Just cloning tips Just booting tips A collection of booting tips

    Judge asked Linux "You are being charged murdering Windoze by stabbing its heart with a weapon, what was it?" Replied Linux "A Live CD"

  2. #2
    Join Date
    Jun 2004
    Newcastle upon Tyne

    Some technical details

    A little explanation why Grub2 can be used in inside a MS Windows formatted to the NTFS filing system.

    Grub1 and Grub2 are very simple boot loaders that have only two essential system files. In Grub1 they are the stage1 and stage2. The equivalent in Grub2 are boot.img and core.img. The two stages of each Grub can be put together in a floppy and used to boot any installed operating system in a PC. The first part stage1 of Grub1 and boot.img of Grub2 is exactly 512 bytes long for controlling the MBR. There is not much written on how the first stage is connected with second stage.

    Only recently I discovered Grub1's stage2 is hard-coded into stage1 when Grub1 is set up. For certain hard disk geometries the stage2 may be too big to occupy the boot sector, which is just the first sector but extending to the first of the 255 heads (LBA mode), of a partition reserved for the boot loader. A reserved boot sector is used by most filing systems. Thus the second stage of Grub it is always inside /boot/grub directory.

    Since it is a hard disk address then it doesn't matter if the /boot/grub directory has disappeared. In fact I proved the whole partition, where Grub1 resides, can be deleted and Grub1 will still boot, as documented here.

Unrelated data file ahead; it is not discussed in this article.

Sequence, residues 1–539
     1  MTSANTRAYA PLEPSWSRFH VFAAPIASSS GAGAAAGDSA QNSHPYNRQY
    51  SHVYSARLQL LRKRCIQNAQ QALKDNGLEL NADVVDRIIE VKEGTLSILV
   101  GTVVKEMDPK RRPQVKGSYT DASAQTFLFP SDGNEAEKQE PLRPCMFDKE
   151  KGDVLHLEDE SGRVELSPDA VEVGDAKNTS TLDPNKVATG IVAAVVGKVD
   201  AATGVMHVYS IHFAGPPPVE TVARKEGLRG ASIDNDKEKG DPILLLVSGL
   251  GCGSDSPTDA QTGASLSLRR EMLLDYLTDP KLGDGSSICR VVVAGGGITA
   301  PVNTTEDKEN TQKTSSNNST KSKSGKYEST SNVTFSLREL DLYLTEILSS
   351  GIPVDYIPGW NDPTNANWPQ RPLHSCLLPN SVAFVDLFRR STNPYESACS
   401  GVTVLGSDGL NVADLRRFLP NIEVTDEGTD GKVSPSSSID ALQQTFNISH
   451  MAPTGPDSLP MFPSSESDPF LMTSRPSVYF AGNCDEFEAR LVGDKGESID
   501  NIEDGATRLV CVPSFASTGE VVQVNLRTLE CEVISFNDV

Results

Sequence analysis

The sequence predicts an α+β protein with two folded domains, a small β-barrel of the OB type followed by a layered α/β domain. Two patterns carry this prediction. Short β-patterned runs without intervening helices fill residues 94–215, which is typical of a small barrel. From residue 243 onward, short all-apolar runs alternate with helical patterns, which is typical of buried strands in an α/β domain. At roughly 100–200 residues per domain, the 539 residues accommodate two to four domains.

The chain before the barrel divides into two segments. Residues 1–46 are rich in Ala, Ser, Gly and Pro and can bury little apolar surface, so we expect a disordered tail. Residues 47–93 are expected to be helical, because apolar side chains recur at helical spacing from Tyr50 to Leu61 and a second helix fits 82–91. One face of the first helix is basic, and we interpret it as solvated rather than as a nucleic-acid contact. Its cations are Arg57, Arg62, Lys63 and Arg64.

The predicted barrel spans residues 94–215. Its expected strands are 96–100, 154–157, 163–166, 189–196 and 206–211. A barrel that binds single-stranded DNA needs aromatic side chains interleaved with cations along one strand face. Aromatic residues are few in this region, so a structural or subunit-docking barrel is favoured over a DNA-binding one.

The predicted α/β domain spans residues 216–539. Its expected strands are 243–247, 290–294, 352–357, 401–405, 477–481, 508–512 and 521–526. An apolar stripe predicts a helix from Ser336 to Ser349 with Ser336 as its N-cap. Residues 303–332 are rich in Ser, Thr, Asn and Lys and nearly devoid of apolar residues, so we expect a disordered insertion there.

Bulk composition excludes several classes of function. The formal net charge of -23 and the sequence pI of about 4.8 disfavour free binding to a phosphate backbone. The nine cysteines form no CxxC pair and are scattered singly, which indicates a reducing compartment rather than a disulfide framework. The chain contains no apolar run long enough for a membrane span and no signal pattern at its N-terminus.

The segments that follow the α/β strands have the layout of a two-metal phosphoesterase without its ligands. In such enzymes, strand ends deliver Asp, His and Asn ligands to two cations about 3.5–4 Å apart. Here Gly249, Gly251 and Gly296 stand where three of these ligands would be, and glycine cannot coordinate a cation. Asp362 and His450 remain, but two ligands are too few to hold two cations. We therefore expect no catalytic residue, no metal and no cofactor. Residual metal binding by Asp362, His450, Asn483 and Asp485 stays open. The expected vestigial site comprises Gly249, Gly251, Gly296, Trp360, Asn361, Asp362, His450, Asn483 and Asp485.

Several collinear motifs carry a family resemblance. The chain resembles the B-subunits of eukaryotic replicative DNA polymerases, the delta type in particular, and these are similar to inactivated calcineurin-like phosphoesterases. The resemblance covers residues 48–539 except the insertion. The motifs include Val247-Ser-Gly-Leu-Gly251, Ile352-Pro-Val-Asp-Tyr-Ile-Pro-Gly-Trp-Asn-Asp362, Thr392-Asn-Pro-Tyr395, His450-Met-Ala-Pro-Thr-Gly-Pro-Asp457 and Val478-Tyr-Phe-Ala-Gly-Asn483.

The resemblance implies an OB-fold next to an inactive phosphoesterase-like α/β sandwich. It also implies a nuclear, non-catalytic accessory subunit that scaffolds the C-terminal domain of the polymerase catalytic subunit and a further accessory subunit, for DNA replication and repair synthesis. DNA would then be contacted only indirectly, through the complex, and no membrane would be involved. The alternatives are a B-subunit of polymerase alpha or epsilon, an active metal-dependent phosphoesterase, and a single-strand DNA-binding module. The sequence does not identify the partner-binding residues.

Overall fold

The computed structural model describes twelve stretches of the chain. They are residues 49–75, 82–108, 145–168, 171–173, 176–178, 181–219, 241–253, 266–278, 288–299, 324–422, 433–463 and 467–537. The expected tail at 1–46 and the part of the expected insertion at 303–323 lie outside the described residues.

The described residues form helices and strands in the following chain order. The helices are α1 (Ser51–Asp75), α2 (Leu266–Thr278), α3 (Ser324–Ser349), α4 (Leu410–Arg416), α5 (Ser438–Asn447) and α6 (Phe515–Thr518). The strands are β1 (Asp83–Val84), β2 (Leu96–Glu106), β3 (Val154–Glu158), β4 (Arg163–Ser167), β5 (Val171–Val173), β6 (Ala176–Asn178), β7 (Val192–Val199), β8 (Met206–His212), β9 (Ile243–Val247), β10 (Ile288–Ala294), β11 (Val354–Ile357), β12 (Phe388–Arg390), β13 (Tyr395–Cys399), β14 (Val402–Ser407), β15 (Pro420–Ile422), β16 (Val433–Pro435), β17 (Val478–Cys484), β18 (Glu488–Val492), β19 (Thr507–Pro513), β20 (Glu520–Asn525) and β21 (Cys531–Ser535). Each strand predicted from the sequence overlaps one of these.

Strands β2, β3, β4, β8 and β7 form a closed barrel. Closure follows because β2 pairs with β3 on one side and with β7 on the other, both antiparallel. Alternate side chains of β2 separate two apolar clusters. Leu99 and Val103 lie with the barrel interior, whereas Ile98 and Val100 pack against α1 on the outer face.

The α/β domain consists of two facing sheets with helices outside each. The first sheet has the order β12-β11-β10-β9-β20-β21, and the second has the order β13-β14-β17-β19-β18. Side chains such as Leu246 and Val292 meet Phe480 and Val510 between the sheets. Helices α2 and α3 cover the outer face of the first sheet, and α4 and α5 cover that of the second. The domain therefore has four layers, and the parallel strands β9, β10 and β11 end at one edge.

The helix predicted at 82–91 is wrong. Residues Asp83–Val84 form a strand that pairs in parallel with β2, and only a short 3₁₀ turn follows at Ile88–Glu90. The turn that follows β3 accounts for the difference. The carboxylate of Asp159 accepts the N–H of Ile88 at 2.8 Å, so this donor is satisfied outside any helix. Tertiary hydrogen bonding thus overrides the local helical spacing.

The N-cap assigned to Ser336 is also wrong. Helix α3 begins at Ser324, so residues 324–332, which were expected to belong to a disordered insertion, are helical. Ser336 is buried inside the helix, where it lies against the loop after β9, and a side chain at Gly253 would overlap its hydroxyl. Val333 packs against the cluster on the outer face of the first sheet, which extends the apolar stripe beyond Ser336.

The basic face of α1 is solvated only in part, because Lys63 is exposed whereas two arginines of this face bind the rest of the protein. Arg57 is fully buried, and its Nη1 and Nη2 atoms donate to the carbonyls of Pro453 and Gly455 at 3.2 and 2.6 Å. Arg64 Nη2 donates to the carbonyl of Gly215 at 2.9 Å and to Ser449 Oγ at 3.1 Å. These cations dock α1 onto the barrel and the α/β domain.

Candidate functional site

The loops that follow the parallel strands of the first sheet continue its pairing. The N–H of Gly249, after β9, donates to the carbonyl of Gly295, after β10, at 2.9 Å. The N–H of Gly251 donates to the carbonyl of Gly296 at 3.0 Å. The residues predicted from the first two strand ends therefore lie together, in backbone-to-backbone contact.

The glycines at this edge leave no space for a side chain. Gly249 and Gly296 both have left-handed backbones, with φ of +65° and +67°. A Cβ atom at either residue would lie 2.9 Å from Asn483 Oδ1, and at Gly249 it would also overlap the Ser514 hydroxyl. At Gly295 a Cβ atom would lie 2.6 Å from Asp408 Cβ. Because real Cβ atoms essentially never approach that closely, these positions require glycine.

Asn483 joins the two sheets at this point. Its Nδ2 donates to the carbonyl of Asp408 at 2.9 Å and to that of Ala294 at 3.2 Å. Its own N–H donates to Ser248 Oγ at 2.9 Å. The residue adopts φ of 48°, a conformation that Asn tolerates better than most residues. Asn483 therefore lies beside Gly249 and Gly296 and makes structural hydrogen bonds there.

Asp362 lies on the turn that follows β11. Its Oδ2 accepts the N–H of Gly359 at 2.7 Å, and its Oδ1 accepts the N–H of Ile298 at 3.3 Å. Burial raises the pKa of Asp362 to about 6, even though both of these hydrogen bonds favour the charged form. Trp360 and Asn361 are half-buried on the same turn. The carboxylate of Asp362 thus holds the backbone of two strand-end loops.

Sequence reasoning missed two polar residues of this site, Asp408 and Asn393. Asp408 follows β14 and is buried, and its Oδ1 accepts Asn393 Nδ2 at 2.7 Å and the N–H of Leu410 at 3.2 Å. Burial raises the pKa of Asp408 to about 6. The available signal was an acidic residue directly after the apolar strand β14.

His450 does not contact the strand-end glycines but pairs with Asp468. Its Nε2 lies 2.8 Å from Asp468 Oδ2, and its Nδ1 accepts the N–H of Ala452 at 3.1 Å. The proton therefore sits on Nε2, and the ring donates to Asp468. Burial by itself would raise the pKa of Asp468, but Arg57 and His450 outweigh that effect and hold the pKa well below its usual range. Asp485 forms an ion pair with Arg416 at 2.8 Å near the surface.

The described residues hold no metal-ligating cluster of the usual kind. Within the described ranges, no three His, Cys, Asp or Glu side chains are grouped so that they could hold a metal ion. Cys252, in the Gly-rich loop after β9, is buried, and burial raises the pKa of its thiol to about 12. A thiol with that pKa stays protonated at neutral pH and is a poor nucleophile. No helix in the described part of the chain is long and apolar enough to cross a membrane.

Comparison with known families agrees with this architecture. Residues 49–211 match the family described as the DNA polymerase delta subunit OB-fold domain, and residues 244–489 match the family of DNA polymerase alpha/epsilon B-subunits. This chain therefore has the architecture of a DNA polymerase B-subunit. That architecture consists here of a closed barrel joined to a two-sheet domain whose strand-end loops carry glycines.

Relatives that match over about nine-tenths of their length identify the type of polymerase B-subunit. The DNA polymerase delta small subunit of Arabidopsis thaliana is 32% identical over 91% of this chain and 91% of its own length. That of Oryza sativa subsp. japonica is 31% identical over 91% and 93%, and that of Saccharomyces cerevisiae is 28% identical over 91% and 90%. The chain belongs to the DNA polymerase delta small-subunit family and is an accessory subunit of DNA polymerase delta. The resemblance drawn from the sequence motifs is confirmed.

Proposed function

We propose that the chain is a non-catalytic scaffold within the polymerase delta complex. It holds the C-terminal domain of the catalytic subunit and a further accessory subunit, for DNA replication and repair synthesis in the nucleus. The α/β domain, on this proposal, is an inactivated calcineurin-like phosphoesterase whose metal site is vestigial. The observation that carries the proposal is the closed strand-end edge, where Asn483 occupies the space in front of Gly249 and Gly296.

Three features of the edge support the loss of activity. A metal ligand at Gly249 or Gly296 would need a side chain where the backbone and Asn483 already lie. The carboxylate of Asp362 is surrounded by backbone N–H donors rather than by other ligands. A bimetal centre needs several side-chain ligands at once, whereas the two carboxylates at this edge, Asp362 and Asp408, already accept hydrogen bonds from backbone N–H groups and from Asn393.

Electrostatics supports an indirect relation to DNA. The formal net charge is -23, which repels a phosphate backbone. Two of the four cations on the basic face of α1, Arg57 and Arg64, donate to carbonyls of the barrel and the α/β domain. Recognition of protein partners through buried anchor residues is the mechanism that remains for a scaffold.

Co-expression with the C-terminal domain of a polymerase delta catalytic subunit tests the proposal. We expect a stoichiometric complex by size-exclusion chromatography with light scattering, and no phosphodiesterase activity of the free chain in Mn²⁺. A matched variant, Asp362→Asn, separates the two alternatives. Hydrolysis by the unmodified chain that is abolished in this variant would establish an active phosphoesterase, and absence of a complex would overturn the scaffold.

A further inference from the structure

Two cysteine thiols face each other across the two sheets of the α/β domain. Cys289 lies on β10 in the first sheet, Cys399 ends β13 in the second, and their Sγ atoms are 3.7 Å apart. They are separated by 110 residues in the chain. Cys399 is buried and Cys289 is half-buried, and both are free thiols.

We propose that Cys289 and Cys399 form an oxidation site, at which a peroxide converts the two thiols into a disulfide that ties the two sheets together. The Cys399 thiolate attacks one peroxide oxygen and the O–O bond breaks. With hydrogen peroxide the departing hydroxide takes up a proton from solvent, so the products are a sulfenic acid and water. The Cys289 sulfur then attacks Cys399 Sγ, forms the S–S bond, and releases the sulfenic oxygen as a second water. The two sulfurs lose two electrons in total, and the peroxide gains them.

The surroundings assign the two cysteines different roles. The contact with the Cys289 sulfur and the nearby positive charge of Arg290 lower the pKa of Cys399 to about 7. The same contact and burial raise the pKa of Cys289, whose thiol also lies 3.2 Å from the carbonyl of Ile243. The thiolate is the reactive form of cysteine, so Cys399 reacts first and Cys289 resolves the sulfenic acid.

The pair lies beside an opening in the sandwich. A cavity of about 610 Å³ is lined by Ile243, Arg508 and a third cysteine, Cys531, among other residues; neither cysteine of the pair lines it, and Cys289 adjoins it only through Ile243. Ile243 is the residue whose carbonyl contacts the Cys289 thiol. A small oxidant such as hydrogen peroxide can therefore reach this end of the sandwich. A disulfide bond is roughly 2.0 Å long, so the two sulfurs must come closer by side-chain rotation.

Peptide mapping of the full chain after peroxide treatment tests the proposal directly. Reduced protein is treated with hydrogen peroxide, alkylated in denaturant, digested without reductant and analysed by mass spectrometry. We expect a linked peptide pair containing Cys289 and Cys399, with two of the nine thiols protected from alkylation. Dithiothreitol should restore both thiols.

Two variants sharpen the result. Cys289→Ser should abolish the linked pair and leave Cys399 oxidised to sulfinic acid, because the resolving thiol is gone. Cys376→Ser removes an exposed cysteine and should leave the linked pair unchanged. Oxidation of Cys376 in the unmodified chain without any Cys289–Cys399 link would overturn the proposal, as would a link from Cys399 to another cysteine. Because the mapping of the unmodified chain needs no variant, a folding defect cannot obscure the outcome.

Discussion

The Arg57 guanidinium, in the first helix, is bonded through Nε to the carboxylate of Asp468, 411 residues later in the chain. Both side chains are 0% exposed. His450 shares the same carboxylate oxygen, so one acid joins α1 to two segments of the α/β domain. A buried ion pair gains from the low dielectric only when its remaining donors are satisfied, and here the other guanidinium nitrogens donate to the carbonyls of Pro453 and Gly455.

This is possible because the deletion of a partition only affects the entry in the 64-byte partition table in the MBR and the partition interior is not touched. It is just once the partition has been deleted there is no means to find the files again unless the partition table is rebuilt to the former setting. This is not a problem for Grub1 if its stage1 already knows the exact spot in the hard disk to load the stage2. This of course will not work if this hard disk area is overwritten by the formation of a new partition. In any case the stage2 only provides a Grub prompt but the proof is that Grub1 does not reside in the boot sector if its stage1 is in the MBR.

    Grub2 is a bit different as its boot.img (stage 1) actually relies on the filing system to find the core.img (stage 2). I tried the same trick as Grub1 by removing Grub2's partition but ending up with Grub-rescue prompt which is the indication of the core.img not available.